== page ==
In this dog-eat-dog digital hellscape, we often put our information, identities, and finances at risk. But oftentimes, in our yearning to connect with strangers across the globe, we often unwittingly leave vulnerable one of our most precious resources: our hearts.
The term “catfish” was introduced in the 2010 “documentary” of same name, but the concept it conveys – conning someone into believing you’re someone you aren’t via correspondence – has been around since the invention of papyrus.
But how do you, a humble social media user, prevent yourself from getting swooped in on by these knaves? Fear not. Here’s a quick checklist to make sure you’re not taken for an emotional ride.
You’re not in Kansas anymore. The internet isn’t your friend. More often than not, it’s actively trying to be your enemy. So leave that Pollyanna shit out of your web life. I’m not saying you need to put on a tinfoil hat of paranoia every time you check your Gmail, but conducting your online business with a healthy dose of skepticism (more so than you would IRL) is just a fundamental you should exercise at all times.
So you’ve made a connection and things are going well. You should have no apprehensions about stalking your new flame’s ass across the entire web. Once you have the basics like their name and location, a quick Google query should give you some insight into their world.
Facebook, Twitter, and LinkedIn profiles are a wonderful resource for verifying if someone truly does work at JPL or are, in fact, and employee of “Erryday I’m Hustling, Inc.” And if someone has only 20 friends and one pic on Facebook, you can bet your ass they aren’t who they say they are.
Mix Up Your Communication Methods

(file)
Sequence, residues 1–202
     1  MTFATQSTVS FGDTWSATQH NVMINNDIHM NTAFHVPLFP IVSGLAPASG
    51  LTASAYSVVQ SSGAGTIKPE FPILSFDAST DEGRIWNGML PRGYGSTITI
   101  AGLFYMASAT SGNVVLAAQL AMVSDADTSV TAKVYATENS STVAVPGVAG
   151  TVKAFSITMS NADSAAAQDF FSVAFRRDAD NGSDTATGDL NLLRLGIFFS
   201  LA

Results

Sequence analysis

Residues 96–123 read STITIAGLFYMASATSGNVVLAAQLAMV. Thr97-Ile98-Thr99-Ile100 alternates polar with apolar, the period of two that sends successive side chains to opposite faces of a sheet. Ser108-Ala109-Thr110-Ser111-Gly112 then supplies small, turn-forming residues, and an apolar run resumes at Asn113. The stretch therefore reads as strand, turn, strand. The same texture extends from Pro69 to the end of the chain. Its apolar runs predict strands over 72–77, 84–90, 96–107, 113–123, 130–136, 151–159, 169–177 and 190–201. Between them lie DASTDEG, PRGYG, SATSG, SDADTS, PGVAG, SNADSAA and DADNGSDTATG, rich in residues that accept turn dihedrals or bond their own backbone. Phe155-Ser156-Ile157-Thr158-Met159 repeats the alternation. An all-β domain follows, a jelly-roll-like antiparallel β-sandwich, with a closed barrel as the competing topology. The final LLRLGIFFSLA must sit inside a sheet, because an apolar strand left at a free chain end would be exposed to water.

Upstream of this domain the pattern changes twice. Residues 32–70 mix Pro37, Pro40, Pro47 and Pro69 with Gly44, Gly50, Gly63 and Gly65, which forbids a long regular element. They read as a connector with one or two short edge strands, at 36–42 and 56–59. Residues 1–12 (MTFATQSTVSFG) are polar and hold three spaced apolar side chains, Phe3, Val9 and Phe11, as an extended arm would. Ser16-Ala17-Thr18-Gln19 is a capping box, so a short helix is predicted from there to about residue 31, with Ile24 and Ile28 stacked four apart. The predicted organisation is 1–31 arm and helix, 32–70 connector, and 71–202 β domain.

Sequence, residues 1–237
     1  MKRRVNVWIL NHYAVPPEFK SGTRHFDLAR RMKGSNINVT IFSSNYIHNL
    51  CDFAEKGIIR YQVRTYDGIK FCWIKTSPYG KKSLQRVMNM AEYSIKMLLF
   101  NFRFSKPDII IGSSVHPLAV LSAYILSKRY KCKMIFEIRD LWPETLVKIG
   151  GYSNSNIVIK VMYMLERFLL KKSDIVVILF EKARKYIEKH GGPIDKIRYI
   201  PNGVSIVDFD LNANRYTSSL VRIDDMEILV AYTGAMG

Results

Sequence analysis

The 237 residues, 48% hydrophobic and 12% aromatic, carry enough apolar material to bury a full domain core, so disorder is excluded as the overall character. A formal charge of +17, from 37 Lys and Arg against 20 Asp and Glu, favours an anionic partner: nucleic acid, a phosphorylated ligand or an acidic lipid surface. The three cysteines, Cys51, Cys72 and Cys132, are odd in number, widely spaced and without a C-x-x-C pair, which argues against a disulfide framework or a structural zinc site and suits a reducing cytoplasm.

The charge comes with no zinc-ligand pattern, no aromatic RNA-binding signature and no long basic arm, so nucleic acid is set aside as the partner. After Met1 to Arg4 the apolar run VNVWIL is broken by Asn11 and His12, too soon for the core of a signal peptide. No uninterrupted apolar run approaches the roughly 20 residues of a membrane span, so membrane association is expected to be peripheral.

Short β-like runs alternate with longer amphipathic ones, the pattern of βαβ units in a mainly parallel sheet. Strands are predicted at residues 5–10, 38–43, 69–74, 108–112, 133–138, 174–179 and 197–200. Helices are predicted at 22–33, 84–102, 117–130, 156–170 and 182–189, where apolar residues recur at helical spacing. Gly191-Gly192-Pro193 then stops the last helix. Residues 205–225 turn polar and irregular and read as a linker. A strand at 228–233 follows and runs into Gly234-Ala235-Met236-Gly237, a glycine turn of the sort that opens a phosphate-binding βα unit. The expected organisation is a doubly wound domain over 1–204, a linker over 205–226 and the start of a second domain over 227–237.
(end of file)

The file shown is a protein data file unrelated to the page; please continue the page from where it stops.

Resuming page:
No relationship, romantic or otherwise, can be considered as such if the foundation is only one medium of communication. Your crush insistent on sticking entirely to Kik? Red flad. Get them to text you or Facebook message you. Hell, it’s 2016. If you haven’t Skyped or Facetimed them, I don’t know what you’re doing with your life. How you gonna be falling for someone you’ve never seen moving about in real time?
What’s that excuse their giving you? Their internet is too slow for that? Tell them to STFU and get to a Starbucks. That hasn’t been a valid reason for not Facetiming since the tech was invented.
Never Give Them Money
This one is so crucial. After you meet and are the cutest real life couple in the world, feel free to lavish your new bae with gifts and make it rain Tubmans on them, but until that time, keep dollars out of your interactions. If they suddenly ask for help with rent or car trouble or plane tickets to you, bail, bail, BAIL. 99 times out of 100, this proposition is a scam. And that 1 time it’s in earnest? You don’t want to be with someone who is tactless and discourteous enough to put you in such an uncomfortable situation. If it’s already happening now, it’ll happen again.
Talk to Your People
It might be embarrassing, but if you’re about to take a major trip or do something bold in the pursuit of this new love interest, maybe open up about it to your closest friends and family and get a second opinion. If after hearing all the deets, they don’t have any concerns, then there’s no problem. But if they sense something’s amiss and save you from your twitterpated self, you’ll be happy they did once you’re less doe-eyed.
Be Willing to Burn it All
As trite as it is, the old axiom about there being plenty of fish in the sea has never been more true. With over 7 billion people out there, you don’t need to risk it all on one person, so be sure to have the conviction within you to light the whole relationship on fire if things suddenly go tits up.
Trust Your Gut
In the end, you know the situation at hand better than I, a friend, or any other interloper ever could. And if your own body and mind is firing all sorts of warning signals at you in the form of upset stomachs and cold sweats about this other person, you might want to listen to the best friend you’ve got: you.